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Can AfCFTA solve Africa's energy challenge?

This serious shortage of electricity in most African countries creates a need for the introduction of power generation from alternative sources. This challenge is being tackled head on, with several high-value projects are underway across the continent.
Rodwyn Peterson, head of litigation Chibesakunda & Co, DLA Piper Africa member firm in Zambia
These include:
  • The Noor Solar Complex in Morocco;
  • The rehabilitation of the Cahora Bassa hydro powerplant in Mozambique;
  • A €620m wind farm with 365 turbines in northern Kenya;
  • and the Batoka Gorge Hydroelectric power project between Zambia and Zimbabwe.

All these energy projects have an intra-African connection. For instance, the Cahora Bassa plant exports a significant amount of its production to South Africa, Botswana and Zambia. The African Development Bank served as lead arranger for €436m in senior credit facilities towards the Kenyan wind farm’s cost of €623m. The Batoka Gorge Hydroelectric power station is expected to generate 2,400 MW of electricity to be shared equally between Zambia and Zimbabwe.

Intra-African investment in the age of AfCFTA


The African Continental Free Trade Area agreement (AfCFTA), launched on March 21, 2018, creates the largest free trade area in the world and is designed to create a single market for goods and services across the continent. It aims to boost intra-African trade by 52% by 2020, and the removal of non-tariff barriers will make it more attractive to invest in African economies.

The trade agreement guarantees potential investors access to information, as parties to the agreement must publish their laws, regulations, procedures and administrative rulings of general application as well as any other commitments under an international agreement relating to any trade matter covered by the agreement. It is hoped that publishing this information will make the interstate market conditions more transparent and appealing.

Part III of the Protocol on Goods provides for liberalisation of trade, which looks at aspects such as import duties, general elimination of quantitative restrictions, export duties, elimination of non-tariff barriers and rules of origin; all of which are aimed at making it easier and cheaper to trade goods and services, including energy, within Africa.

Under the AfCFTA, expanded markets and free movement of labour, goods, services, capital and people should promote economic diversification, structural transformation, technological development and quality job creation. The full implementation of the AfCFTA will eliminate all tariffs and will be a game-changer for energy producers across the continent, creating a knock-on impact in multiple sectors of the economy.

The AfCFTA has been signed by 54 out of 55 AU member states, with only Eritrea yet to join. Gabon and Equatorial Guinea recently deposited their instruments of ratification, bringing the number of countries that have ratified the agreement to 27.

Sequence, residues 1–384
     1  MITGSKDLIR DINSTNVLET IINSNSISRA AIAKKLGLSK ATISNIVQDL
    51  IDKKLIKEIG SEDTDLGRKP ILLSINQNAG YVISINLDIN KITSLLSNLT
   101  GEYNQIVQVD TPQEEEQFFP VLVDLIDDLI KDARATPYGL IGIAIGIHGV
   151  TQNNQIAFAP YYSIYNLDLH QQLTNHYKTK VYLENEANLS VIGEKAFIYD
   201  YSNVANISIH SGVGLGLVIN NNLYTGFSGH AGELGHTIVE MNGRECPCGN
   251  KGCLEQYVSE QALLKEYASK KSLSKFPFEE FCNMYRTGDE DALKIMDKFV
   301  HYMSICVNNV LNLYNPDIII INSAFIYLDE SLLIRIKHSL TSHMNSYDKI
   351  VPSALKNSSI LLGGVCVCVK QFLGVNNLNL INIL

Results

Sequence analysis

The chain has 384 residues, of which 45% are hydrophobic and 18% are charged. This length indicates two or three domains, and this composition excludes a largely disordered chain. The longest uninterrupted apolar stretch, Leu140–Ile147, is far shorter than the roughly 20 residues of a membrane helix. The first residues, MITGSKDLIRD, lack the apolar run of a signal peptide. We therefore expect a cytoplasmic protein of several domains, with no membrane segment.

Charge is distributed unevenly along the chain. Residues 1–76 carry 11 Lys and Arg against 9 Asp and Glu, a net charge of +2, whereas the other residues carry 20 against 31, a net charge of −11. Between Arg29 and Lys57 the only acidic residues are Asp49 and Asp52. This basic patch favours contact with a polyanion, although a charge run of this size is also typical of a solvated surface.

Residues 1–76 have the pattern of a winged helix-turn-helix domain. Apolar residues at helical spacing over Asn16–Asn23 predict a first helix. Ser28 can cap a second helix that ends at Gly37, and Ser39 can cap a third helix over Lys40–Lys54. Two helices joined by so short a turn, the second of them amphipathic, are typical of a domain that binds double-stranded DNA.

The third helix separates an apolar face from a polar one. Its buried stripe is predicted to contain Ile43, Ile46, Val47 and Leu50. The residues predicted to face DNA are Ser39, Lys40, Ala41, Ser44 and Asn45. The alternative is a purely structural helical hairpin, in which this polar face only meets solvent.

There is an undisputed link between global economic growth and energy demand. To grow and prosper, African nations will need more reliable and affordable energy. Free trade and strong investment protections support energy security by encouraging access to diverse energy supplies and production sufficient to meet growing demand. Trade policies and protections also enable effective supply chains and the efficient movement of capital, people, information and all products.

The free flow of commerce is essential to maximising global economic growth and prosperity, and even has implications for national security. By enabling energy supplies to flow more smoothly between nations, the AFCFTA will, in theory at least, make is possible for suppliers to meet the energy need efficiently and affordably.

Opening Africa for African investors


But there are several obstacles to the AfCFTA’s success. Key among them is the fact that critical parts of the agreement have yet to be finalised before countries commence trading under the AfCFTA on July 1, 2020. These outstanding sections include details on schedules of tariff concessions and services commitments, and policies around investment, intellectual property and competition. Until these sections are concluded and the AfCTA is truly fully operational, investors may likely find that they have to trade on pre-AfCTA terms.

Investment promotion and protection strengthen successful regional integration arrangements. However, unlike the common practice of protecting foreign investments by building investment protective rights into investment treaties and agreements, the AfCFTA does not guarantee individual investors any rights as regards their investments. This means that while it will be easier to get into a country to trade, an investor must look to multilateral or bilateral agreements that coexist with the AfCTA, such as the Investment Agreement for Comesa Common Investment Area and the ECOWAS Supplementary Act on Investments, for investment protection.

AfCFTA opens Africa up to African investors. Its potential to change Africa by making energy cheaper is remarkable but its promise of continental success comes with the risk of investing without inbuilt investor protections. While trade in the AfCFTA age will be easy and bring benefits aplenty for both investors and consumers, investors will still have to look outside of AfCFTA for protection against unlawful state action.

About the author

Rodwyn Peterson, head of litigation Chibesakunda & Co, DLA Piper Africa member firm in Zambia
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Read more: energy, AfCFTA

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